Beijing launches In­ter­net claim to Diaoyu­tais in dis­pute with Tokyo

The China Post - - INTERNATIONAL -

Beijing on Tues­day launched a web­site for an un­in­hab­ited is­land chain in the East China Sea, in its lat­est bid to as­sert sovereignty over an ar­chi­pel­ago con­trolled by Ja­pan.

The new web­site, www.diaoyu­, was un­veiled by China's Na­tional Marine Data and In­for­ma­tion Ser­vice.

It came as a trio of Chi­nese coast­guard ves­sels made their lat­est pa­trol of the wa­ters sur­round­ing the ar­chi­pel­ago, ac­cord­ing to a no­tice posted on the web­site of the State Oceanic Ad­min­is­tra­tion.

Fea­tur­ing a Chi­nese flag on its front page, the new web­site dis­plays le­gal doc­u­ments, maps and a time­line dat­ing back to 1403, the year Beijing claims the is­lands' Man­darin name first ap­peared in writ­ings.

The doc­u­ments on the web­site "pro­vide strong ev­i­dence, from both a his­tor­i­cal and le­gal per­spec­tive, that the Diaoyu Is­lands are China's in­her­ent ter­ri­tory since an­cient times," the of­fi­cial Xin­hua news agency wrote.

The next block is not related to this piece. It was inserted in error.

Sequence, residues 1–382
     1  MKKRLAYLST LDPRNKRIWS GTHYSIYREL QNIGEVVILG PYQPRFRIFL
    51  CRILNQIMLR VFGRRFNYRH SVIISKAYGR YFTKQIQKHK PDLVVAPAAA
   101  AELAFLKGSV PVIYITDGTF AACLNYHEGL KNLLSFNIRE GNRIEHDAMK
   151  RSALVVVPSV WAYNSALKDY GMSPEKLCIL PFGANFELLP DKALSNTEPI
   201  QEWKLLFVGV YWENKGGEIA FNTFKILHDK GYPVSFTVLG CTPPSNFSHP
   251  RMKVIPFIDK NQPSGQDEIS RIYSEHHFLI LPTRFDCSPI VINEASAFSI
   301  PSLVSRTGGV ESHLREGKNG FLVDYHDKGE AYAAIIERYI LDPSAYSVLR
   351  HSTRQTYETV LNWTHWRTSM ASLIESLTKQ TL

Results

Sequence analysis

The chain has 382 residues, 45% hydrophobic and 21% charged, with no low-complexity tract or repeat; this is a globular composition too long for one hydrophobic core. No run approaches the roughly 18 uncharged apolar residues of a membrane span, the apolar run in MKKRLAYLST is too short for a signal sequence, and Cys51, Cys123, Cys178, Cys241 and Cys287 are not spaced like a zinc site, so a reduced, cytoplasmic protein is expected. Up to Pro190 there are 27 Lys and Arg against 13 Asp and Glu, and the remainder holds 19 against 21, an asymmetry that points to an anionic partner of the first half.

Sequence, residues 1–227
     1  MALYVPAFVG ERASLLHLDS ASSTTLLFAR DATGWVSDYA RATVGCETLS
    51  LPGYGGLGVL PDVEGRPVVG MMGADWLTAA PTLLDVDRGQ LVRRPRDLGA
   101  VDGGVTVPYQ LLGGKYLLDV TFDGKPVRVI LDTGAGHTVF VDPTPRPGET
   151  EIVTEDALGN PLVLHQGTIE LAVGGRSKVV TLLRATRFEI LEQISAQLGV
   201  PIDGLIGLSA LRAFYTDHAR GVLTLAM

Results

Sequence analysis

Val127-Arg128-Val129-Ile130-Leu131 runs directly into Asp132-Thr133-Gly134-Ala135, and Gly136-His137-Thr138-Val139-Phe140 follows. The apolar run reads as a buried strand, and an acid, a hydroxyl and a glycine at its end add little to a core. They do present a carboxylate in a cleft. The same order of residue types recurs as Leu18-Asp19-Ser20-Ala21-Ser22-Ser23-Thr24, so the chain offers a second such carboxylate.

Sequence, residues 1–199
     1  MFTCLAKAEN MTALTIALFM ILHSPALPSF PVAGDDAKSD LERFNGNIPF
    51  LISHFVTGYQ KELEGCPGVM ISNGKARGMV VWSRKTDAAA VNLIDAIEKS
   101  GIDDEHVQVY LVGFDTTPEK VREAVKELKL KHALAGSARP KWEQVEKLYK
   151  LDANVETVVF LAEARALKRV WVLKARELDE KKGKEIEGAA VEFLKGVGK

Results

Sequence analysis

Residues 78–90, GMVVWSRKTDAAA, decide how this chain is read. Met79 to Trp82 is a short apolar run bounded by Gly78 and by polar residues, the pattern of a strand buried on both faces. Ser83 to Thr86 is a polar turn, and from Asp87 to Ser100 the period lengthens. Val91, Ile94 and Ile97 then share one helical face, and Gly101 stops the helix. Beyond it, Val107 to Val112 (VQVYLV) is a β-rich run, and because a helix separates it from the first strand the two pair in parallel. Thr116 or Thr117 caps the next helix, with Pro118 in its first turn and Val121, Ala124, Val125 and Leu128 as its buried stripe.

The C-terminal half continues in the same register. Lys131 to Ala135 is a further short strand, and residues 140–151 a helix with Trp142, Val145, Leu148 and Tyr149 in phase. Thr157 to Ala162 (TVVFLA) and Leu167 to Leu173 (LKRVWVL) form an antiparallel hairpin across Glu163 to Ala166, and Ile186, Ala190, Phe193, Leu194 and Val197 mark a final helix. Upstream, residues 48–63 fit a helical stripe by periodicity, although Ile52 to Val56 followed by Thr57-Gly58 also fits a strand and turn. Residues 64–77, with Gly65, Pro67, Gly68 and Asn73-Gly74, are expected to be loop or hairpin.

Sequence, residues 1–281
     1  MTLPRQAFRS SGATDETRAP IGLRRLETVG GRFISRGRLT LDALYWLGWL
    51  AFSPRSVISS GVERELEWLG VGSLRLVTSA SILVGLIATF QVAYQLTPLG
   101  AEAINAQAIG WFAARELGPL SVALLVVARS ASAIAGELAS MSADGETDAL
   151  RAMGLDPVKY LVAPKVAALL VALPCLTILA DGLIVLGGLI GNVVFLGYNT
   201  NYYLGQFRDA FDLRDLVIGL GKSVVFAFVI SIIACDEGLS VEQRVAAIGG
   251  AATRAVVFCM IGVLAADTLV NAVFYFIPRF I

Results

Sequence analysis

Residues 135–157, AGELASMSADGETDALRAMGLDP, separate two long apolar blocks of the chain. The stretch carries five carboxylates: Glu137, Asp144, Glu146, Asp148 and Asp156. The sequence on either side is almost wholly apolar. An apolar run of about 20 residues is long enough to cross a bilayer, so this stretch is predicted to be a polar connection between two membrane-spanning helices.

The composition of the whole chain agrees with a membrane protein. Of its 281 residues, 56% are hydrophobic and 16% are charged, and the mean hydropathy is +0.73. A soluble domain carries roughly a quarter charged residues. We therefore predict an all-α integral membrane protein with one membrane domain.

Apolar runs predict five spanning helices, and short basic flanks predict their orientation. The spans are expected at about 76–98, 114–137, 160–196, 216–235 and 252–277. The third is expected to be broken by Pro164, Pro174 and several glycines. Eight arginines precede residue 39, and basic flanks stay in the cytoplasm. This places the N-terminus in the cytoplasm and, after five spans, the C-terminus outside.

It added that the site, which is cur­rently avail­able only in Chi­nese, will soon be launched in at least seven other lan­guages, in­clud­ing Ja­panese.

Beijing and Tokyo have been en­gaged in a bit­ter and long­stand­ing bat­tle over own­er­ship of the is­land chain, known as Diaoyu in China and Senkaku in Ja­pan.

The dis­pute was ex­ac­er­bated when Ja­pan na­tion­al­ized some of the ar­chi­pel­ago nearly two years ago, and the sea and air around the con­tested isles have seen in­creas­ingly dan­ger­ous stand­offs since then.

Tokyo sought to fur­ther its claim to the ter­ri­tory in Au­gust by nam­ing five of the is­lands, an act de­cried by Beijing as "il­le­gal and in­valid."

In Novem­ber, a meet­ing be­tween Chi­nese Pres­i­dent Xi Jin­ping and Ja­panese Prime Min­is­ter Shinzo Abe raised hopes of a de­tente.

But two weeks later, Chi­nese ships re­turned to the ter­ri­to­rial wa­ters around the is­lands in their first pa­trol since the sum­mit, with both sides warn­ing the other to leave the area.

Ja­pan's for­eign min­istry web­site al­ready has a sec­tion on the is­lands, avail­able in 12 lan­guages.

"There is no doubt that the Senkaku Is­lands are clearly an in­her­ent part of the ter­ri­tory of Ja­pan, in light of his­tor­i­cal facts and based upon in­ter­na­tional law," it says.

The dis­puted ar­chi­pel­ago is not the only un­in­hab­ited ter­ri­tory to have a pres­ence on the world­wide web.

Oth­ers in­clude Rock­all, the 25-me­ter-wide (80-foot-wide) re­mains of an eroded vol­cano nearly 500 kilo­me­ters ( 300 miles) off the coast of Scot­land, and Surt­sey, one of the world's new­est is­lands, which be­longs to Ice­land and was formed by a se­ries of vol­canic erup­tions in the 1960s.

Norway's Bou­vet Is­land, deep in the South At­lantic Ocean, has an en­tire top level do­main de­voted to it, .bv, but no web­sites cur­rently use it.

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